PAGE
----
Chantal Akerman, Jeanne Dielman, 23 Quai du Commerce, 1080 Bruxelles, 1975, stills from a color film in 35 mm, 201 minutes. Left and right: Jeanne Dielman (Delphine Seyrig).


WHEN CHANTAL AKERMAN’S Jeanne Dielman, 23 Quai du Commerce, 1080 Bruxelles (1975) debuted in the US in 1976 (a one-off at MoMA), few noted that the twenty-five-year-old filmmaker was precisely the age of Orson Welles when he made Citizen Kane (1941). More than three decades later, the coincidence figures prominently in many of the pieces heralding the film’s one-week revival (January 23–29), in a pristinely restored print, at Film Forum, where it had its first New York run in 1983. There is no better shorthand tactic for making you, dear reader, feel the urgency of getting your head out of your Netflix queue and running to the theater to see Jeanne Dielman than to invoke the sacred Kane.

Indeed, both films are not merely masterpieces but also landmark works, which by conjoining the radical achievements of their respective moments—not only in cinema but in the novel, the theater, the visual arts—reinvented cinematic language to become paradigm shifters, both aesthetically and politically. Jeanne Dielman, which counts among its influences Ozu, Bresson, Godard, Warhol, Michael Snow, the Hollywood genre of “the woman’s picture,” the French nouveau roman of Robbe-Grillet and Sarraute, the postmodern dance of Yvonne Rainer, and just about everything in the Minimalist visual-art canon, in turn has inspired thirty years of what is termed “observational fiction cinema.” Among the American filmmakers who found the film revelatory: Gus Van Sant, Todd Haynes, and Jim Jarmusch.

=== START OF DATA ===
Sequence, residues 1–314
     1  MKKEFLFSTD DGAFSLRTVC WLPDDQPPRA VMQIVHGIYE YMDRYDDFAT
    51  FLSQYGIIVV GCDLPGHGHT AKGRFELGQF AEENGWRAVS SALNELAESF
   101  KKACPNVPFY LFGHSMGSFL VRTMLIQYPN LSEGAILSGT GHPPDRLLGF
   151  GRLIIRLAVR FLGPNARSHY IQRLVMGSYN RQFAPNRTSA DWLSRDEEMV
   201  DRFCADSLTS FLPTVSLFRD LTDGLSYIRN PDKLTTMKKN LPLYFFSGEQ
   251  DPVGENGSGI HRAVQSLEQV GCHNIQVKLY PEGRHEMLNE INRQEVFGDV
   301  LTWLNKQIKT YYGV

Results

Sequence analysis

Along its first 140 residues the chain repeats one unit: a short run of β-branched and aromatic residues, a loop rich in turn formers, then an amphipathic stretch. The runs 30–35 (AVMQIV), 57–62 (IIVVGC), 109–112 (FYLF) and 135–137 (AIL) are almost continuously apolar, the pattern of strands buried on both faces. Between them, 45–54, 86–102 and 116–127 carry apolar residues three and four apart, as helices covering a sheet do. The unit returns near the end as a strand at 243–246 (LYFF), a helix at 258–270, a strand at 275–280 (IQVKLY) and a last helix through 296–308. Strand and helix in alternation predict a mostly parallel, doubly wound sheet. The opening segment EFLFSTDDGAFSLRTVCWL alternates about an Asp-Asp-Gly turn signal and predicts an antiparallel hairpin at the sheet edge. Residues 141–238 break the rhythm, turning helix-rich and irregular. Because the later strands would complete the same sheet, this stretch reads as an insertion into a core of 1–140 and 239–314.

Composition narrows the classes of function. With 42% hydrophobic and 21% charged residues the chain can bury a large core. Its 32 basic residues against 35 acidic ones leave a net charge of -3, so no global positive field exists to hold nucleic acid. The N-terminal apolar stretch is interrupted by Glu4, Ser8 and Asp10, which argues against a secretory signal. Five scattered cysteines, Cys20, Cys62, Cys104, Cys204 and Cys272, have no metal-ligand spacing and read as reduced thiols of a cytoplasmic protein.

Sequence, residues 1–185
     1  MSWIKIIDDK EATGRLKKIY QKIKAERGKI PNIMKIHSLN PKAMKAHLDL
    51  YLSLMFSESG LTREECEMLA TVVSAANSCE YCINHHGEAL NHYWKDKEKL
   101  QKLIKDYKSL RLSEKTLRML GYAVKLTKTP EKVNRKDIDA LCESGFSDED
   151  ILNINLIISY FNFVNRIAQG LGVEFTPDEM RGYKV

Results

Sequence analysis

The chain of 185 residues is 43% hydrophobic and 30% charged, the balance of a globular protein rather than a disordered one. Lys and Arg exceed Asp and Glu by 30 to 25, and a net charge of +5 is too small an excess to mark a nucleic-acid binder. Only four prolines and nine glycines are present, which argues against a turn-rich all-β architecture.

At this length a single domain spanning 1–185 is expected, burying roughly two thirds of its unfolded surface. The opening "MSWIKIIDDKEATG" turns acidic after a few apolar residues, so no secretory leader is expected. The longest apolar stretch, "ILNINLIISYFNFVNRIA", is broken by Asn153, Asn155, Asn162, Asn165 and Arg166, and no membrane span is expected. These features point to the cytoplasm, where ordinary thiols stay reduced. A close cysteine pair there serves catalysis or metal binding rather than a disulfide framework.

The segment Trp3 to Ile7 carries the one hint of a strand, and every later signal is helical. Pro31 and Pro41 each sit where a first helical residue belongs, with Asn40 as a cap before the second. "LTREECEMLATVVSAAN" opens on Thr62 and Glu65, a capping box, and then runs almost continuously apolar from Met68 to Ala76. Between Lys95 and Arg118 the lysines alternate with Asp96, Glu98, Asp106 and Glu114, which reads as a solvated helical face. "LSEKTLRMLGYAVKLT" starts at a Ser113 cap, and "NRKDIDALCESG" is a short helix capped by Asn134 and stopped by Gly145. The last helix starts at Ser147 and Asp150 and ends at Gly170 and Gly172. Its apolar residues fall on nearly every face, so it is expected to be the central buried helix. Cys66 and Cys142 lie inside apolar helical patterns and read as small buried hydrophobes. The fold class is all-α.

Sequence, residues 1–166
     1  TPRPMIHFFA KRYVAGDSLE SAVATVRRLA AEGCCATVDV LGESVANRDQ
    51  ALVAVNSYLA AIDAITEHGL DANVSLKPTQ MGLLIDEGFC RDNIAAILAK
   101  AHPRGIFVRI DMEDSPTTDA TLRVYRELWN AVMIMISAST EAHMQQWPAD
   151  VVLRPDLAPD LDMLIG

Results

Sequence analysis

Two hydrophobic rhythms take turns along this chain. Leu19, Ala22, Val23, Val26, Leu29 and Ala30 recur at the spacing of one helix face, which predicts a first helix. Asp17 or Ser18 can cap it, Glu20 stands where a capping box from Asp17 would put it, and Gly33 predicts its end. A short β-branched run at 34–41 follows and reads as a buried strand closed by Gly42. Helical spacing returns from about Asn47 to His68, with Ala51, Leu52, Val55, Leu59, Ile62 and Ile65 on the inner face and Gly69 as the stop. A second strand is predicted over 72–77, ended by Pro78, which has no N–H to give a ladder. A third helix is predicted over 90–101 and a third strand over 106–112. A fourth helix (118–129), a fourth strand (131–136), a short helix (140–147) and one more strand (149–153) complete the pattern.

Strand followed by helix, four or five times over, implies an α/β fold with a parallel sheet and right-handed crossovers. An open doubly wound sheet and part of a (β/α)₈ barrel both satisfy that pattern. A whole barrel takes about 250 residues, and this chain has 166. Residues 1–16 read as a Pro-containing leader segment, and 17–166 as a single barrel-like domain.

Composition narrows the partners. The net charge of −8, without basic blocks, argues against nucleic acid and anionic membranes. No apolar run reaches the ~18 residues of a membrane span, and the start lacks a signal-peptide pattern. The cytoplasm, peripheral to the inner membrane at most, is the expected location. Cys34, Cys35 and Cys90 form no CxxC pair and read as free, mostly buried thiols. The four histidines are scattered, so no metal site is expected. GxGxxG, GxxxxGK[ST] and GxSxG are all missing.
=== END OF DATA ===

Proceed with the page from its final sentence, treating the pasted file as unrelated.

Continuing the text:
Jeanne Dielman describes forty-nine hours (stretched over three consecutive days—from midafternoon on the first to midafternoon on the third) in the life of the title character (Delphine Seyrig), a widow who lives in almost total isolation, save for a teenage son with whom she barely speaks, in the middle of Brussels, Akerman’s native city. Her time is organized ritualistically around housework—cooking, scrubbing, dusting, making beds, shopping for groceries—and many instances of these activities are shown in real time, as they would be in an ethnographic film. One way to describe Jeanne Dielman is as an ethnography of the kitchen crossed with classical tragedy. Every afternoon, in precisely the time it takes to boil the potatoes for dinner, Jeanne takes one of several regular gentlemen callers into her bedroom, where she exchanges sex for money.

The film is split squarely down the middle of its nearly three-and-a-half-hour running time. The first half, the exposition, begins with the arrival of the first john and ends with the departure of the second. (What happens in the bedroom on these two occasions is unseen.) In the second half, Jeanne’s obsessively structured routine begins to go awry; the mistakes, droppages, and leakages signal a failure of the psychic mechanisms of compartmentalization and repression she has employed to keep what Akerman once referred to as “the problem of being” at bay. When the repressed returns, it is in an act of terrible violence, as shocking as it is inevitable.